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Kingmaker: Stolen Land, Post-Mortem

April 1, 2014

Kingmaker 1So, book 1 of Kingmaker is over. Overall, I thought it went pretty well. I think the adventure on its own is pretty good, although there are some structural issues with the “hexplore” format, and I feel that the setting could be more dynamic. Other issues stem from using 3e/Pathfinder, which is far from my favorite iteration of D&D.

Since there were 6 PCs, I used the 6-player conversion from the Paizo Kingmaker board. Thanks to Alexander Kilcoyne for doing the hard work in writing that up. I still tweaked some things here and there, but having that foundation was a big help.

Structurally, the sandbox-y nature of the adventure means that there will generally be only one encounter a day, which then becomes trivial because the PCs can blow everything to defeat it. The players still have fun, so I guess it’s not a huge problem, but I would like random encounters (aside from ones that are way above the party’s level) to be a genuine challenge, and not just an XP pinata. I’m not sure what, if anything, I should do to address this.

The world presented is also very static, with the bandits just sitting in their fort, waiting for the PCs to come and murder them. I felt that I addressed this pretty well. The bandits tracked down and ambushed the PCs, tried to burn down Oleg’s, sent out expeditions to find the PCs, and the Stag Lord himself would have hunted them down if they hadn’t attacked the fort when they did. This is a problem in future chapters, as well. Most of the books in Kingmaker start with a bang (the bandits demanding tribute from Oleg’s, for example), and then everything after that is frozen in amber, waiting for the PCs to stumble upon them. A proper sandbox should feel more like a living, breathing, world, I think.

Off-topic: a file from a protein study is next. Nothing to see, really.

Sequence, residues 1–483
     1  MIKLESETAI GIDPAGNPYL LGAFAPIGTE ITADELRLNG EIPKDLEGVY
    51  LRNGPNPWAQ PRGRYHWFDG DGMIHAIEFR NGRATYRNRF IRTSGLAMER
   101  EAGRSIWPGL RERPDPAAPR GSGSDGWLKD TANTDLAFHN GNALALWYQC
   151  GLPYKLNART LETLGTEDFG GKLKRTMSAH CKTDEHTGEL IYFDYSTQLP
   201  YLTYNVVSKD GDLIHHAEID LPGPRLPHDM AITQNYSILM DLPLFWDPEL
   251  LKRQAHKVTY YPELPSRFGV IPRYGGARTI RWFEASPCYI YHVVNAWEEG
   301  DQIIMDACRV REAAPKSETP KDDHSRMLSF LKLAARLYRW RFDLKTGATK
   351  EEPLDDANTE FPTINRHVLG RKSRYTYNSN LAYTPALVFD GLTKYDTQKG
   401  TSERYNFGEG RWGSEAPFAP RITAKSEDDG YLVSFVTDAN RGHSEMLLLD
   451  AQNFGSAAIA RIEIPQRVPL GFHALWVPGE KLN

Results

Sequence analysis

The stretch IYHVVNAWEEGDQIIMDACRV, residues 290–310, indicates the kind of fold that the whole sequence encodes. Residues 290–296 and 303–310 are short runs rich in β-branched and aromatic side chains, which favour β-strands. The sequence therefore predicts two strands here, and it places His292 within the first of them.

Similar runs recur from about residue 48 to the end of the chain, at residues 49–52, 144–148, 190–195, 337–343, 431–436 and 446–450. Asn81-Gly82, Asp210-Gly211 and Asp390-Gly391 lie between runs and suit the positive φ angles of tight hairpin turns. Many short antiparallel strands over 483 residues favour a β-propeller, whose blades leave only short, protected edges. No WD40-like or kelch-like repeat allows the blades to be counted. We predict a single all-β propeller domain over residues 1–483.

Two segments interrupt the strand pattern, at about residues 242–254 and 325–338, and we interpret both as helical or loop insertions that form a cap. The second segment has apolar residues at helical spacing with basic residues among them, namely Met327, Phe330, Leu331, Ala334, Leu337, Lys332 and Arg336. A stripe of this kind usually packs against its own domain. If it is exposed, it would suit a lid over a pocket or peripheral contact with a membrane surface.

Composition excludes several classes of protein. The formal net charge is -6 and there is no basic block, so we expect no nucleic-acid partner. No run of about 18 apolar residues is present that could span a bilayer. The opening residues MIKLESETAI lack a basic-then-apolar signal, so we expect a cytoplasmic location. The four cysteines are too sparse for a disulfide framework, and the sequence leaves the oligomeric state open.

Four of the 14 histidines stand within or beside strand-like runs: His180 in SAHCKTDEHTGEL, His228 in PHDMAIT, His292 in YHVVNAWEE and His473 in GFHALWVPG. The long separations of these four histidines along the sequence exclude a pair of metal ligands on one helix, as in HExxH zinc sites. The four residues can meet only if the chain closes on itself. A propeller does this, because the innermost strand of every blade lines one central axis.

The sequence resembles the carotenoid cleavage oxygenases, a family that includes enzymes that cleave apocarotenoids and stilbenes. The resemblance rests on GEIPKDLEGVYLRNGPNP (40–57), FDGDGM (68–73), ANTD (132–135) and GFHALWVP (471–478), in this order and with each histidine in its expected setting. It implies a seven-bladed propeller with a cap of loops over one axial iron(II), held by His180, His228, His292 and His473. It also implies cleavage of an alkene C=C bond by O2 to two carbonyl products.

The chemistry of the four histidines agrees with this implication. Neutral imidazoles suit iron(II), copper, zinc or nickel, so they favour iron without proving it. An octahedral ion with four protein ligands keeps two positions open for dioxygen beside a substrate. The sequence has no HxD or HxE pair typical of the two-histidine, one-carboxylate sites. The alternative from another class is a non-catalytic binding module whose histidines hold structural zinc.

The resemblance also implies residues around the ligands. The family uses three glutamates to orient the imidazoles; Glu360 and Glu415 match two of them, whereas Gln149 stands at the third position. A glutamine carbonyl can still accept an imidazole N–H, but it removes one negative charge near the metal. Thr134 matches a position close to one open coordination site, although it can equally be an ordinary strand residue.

As far as Pathfinder goes, eh. It is what it is. Having 6 players only makes the action economy worse, unfortunately. I give all named foes maximum hit points, and they still only get 1-2 actions before dying. Maybe I should start applying the Advanced template to named foes as well…

Pitfalls

The mite lair is really tough, especially for 1st-level PCs. I didn’t quite get that when I decided to upgrade the equipment of the Advanced mites and Grabbles, and turn Grabbles into a mounted combat specialist. The PCs were actually 2nd level by the time they ran into Grabbles, but they couldn’t hit him (because I gave him armor & a shield) and they couldn’t hit the giant tick (because he could negate their hits with a Ride check). It’s easy to look at the CR guidelines and forget they’re not an exact formula; it’s the final numbers that determine the actual challenge level, not what the CR says.

DM Tip: The encounter level of every encounter in the mite lair should probably be considered to be 1 higher than what’s in the book, because of the -2 to hit for Medium-sized PCs. Unless the party is all shorties. Also, remember that the PCs are probably low level at this point, and possibly don’t have all the combat feats yet that they will need to be truly effective.

I kept losing track of background events, which is a problem I often have when running games. At the start, I forgot that Kesten and Jhod were supposed to show up at Oleg’s right after the PCs, which resulted in them spending 5 days fortifying the trading post and debating if it was safe to leave it or not to pursue the bandits. I was constantly forgetting to prank them with the faeries. And I created a new named bandit to stalk and ambush them, and then promptly forgot to do anything with him for several sessions. I need to organize a bit better so this sort of thing doesn’t happen going forward.